Charitable Planning: Now or at Death
Post by: Lesley Hempfling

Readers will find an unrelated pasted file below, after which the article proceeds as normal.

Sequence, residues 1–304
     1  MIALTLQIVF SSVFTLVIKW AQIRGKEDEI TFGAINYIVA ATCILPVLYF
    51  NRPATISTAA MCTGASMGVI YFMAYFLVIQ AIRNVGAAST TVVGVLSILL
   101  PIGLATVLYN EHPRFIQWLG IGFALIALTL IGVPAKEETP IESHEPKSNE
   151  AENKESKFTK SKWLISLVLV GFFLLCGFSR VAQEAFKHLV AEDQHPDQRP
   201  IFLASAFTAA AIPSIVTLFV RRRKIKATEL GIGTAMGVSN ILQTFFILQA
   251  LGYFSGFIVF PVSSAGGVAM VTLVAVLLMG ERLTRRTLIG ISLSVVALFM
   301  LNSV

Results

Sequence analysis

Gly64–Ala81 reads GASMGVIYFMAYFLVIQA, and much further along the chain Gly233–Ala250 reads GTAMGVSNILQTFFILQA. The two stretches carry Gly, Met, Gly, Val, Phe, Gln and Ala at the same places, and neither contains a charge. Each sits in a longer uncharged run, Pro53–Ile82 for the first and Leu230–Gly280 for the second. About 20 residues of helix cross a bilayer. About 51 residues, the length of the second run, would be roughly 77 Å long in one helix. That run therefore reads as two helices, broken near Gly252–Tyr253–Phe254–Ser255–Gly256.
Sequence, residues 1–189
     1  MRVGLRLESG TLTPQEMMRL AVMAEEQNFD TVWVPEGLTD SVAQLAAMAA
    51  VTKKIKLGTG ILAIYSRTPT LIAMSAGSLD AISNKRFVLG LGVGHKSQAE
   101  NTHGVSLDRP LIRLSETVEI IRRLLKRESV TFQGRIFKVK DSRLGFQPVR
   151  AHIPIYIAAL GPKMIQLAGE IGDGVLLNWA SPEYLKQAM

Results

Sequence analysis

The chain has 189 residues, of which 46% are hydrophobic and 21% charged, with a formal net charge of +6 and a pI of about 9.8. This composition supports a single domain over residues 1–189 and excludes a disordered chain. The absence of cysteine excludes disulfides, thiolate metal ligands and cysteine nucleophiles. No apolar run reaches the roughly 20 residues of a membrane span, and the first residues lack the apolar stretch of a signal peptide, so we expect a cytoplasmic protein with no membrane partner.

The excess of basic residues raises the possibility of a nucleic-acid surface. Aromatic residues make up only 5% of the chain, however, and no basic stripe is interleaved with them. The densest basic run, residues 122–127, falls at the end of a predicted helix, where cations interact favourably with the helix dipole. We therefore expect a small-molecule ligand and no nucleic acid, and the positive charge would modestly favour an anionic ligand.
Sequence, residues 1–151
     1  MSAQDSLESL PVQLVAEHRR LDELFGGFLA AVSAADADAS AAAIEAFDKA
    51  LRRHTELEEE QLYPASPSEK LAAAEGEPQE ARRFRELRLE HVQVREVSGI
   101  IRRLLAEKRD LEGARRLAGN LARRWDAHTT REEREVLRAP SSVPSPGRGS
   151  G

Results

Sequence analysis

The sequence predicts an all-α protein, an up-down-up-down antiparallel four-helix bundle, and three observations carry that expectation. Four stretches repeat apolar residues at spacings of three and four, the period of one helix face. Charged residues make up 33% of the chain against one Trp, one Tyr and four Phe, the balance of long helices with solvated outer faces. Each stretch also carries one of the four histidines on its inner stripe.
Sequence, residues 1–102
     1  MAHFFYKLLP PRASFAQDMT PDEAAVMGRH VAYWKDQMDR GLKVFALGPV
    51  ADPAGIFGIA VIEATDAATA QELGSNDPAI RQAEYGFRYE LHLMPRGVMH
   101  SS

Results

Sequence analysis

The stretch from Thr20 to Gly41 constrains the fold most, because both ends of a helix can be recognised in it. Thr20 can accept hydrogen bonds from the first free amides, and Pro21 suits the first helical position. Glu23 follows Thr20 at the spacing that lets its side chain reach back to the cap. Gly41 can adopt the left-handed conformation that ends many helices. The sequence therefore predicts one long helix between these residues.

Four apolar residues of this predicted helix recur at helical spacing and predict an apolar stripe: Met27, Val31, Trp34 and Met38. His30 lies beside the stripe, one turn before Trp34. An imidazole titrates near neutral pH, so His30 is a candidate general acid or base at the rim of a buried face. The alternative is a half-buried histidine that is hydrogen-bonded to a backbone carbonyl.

There are numerous ways you can give during your lifetime or beyond to charitable causes that are important to you. This newsletter will only touch on a few of those planning techniques. Two of the easiest ways to make a charitable gift at your death are: 1) designating a charity as a beneficiary of your non-probate assets (e.g. to receive part or all of your life insurance proceeds or remaining principal in retirement, brokerage or financial accounts); and/or 2) making a specific, general, percentage or residuary bequest to a charity in your Will or Revocable Living Trust (e.g. "I leave 10% of my estate to ABC Charity). A more sophisticated charitable planning technique that can be used at death or during life is a Charitable Lead Trust. These trusts usually pay an annuity amount to one or more charities during the term of the trust with the remainder going back to the donor or another named beneficiary when the trust terminates. All of these methods allow the Donor to provide for his or her family while also fulfilling a charitable mission.